Diluting too much stake, too early is a perpetual dilemma faced by startup ecosystem. This phenomenon is more acute in developing economies like India. And the reason is simple. Dearth of risk capital is one of the major reasons that prompts founders to dilute more during initial rounds of fund raising. However, there are also other reasons for such faster paring of stakes by entrepreneurs.
Lack of awareness, quick monetisation plans, and ambitions of faster scaling up are some of the other factors that lead to dilution of stake at a faster pace. In this perspective, Indian startup ecosystem can integrate a lot of learnings from their western counterparts, especially from the US where many technology startups have not only grown but are successful in dominating the world with founders retaining majority stake in their companies.
Is it a good idea?
There are many schools of thoughts on whether founders or promoters should retain majority stakes in those companies which they have founded or invested early on. However, the world has seen that those promoters retaining control in companies are able to create a lot of wealth as the company scales up. These companies have also benefitted a lot from their vision and disciplined execution. Here control doesn’t necessarily indicate majority ownership.
For instance, Apple’s iconic Founder Steve Jobs had 11 per cent stake when Apple went public 1980. Similarly, Tesla’s co-founder Elon Musk, Microsoft’s founder Bill Gates and many other such founders of technology giants have been hugely successful because of stewardship of their promoters.
In Indian context, last two decades has seen rapid evolution of entrepreneurship and startup ecosystem. The country is now home to the third largest startup ecosystem in the world after the US and China. It is home to 94 unicorns with a total valuation of around $319.67 billion.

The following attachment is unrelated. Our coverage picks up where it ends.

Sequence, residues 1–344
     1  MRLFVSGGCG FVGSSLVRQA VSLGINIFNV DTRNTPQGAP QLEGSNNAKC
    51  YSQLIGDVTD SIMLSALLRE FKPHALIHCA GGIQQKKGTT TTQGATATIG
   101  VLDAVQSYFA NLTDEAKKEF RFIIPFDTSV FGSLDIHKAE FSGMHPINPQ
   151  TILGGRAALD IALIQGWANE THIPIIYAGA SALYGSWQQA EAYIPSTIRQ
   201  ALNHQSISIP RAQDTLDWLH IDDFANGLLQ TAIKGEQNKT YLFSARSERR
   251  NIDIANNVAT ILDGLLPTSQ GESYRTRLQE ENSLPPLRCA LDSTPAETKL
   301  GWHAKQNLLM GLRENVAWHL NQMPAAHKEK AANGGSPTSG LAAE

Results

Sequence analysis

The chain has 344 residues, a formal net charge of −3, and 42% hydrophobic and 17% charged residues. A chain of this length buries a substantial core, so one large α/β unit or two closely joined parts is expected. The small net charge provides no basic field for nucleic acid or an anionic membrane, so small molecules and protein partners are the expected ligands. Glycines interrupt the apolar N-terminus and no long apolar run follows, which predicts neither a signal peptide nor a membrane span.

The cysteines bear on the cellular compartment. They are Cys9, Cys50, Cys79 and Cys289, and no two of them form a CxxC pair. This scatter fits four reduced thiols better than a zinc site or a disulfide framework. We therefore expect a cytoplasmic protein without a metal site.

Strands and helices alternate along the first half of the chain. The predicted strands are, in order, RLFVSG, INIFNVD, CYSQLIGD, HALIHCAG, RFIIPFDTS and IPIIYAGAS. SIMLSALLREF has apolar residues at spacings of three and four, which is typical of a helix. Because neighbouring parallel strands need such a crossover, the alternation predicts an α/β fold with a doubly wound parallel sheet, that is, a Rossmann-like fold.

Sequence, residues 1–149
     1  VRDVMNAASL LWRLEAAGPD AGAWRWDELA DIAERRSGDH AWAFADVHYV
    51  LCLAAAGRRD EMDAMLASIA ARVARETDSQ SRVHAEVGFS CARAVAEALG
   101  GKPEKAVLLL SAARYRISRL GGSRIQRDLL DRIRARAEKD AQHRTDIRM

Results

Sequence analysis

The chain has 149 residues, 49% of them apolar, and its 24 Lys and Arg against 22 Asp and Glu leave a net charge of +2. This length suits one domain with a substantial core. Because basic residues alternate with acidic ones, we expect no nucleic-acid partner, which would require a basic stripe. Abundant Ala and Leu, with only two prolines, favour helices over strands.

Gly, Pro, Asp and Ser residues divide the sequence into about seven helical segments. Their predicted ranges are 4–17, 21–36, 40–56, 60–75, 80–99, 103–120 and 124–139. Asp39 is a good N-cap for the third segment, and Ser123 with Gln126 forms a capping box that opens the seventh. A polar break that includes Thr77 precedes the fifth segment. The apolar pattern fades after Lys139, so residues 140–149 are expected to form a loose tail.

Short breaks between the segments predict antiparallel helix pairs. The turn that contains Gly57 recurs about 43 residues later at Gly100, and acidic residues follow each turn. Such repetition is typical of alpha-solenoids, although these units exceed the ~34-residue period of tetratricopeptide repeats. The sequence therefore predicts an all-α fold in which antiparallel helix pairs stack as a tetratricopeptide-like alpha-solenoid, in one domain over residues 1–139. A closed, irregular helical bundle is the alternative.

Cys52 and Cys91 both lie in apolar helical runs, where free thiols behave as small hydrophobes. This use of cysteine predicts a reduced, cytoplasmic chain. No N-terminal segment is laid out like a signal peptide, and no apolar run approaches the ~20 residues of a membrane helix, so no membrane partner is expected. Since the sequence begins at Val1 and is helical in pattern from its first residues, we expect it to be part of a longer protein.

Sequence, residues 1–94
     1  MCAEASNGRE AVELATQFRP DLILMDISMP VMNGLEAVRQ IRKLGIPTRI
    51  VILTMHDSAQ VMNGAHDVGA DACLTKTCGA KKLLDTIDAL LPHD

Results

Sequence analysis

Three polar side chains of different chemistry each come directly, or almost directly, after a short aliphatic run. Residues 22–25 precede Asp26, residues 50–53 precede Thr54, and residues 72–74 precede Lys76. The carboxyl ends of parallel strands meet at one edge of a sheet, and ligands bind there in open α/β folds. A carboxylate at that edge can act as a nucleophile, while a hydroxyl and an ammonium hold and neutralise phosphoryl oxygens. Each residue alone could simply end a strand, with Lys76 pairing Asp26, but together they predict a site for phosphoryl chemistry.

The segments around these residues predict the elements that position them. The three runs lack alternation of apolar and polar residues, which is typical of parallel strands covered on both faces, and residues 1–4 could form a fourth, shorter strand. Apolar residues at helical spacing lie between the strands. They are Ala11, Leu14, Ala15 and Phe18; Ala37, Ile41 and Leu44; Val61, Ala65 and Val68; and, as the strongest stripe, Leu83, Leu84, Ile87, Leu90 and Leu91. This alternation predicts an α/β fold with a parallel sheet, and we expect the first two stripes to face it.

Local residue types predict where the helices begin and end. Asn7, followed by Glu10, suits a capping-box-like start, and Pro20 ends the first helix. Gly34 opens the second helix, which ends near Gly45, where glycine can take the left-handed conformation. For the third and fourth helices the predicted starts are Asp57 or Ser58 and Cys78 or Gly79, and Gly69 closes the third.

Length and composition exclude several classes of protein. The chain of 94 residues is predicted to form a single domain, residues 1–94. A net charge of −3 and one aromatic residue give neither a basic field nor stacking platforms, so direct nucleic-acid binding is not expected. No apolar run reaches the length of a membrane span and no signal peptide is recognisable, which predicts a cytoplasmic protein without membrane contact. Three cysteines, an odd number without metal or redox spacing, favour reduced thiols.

While 2021 saw addition of 44 unicorns, 2020 witnessed addition of 10 unicorns and nine unicorns in 2019. However, without going into details, it is seen that many founders of these unicorns hold a minority stake as compared to an impressive 17 percent stake of Jeff Bezos’s in Amazon over 23 years. That is the reason that many Indian startups have their majority stake held by big private equity (PE) firms.
As the majority control goes to the hands of PE firms, these companies can be tagged as Indian companies with foreign control. Of course, there are honourable exceptions. Edtech major Byju’s, for instance, has seen the promoter stake moving up to 25 percent post the recent round of funding which valued the company at $22 billion. Empirical evidence shows that Indian startup promoters are diluting stakes at a faster rate than their US counterparts.
Differential voting rights, rising liquidity may redeem situation:
Earlier, Indian corporate laws didn’t allow differential voting rights. This can be attributed as one of the major reasons behind founders losing control over their companies. This has been amended since. Now, the companies can have up to 74 percent of differential voting right equity shares in the total post issue paid-up share capital. This amendment with increased the limit for the issue of shares with differential voting rights up to 74 per cent is beneficial to the startups. So, founders can now dilute their stakes without necessarily losing proportionate control over the company.
Similarly, the funding situation has drastically improved for Indian startups in recent years. The Bain & Company’s annual ‘India Venture Capital Report 2022’, in collaboration with Indian Venture and Alternate Capital Association (IVCA) said venture capital (VC) investments reached $38.5 billion — which was 3.8x growth over 2020. These funds were raised across 1,545 deals in 2021 with an average deal size of $24.9 million per deal, which was double to that of 2020.
With favourable regulations and rising flows of risk capital from PE & VC funds, Indian startup ecosystem is changing very fast. But, availability of risk capital as compared to demand remains low. Therefore, any sovereign risk capital fund set up by the Indian government can go a long way in retaining the ownership within India. Similarly, founders have to chase scale rather than monetising stakes at an early stage.
As India eyes to be $5 trillion economy, its startups have the critical responsibility of being the equal partners in promoting the domestic growth story and this can happen effectively if the ownership stays with Indians.
(Sanjeev Dahiwadkar is Founder & CEO of Cognota Healthcare)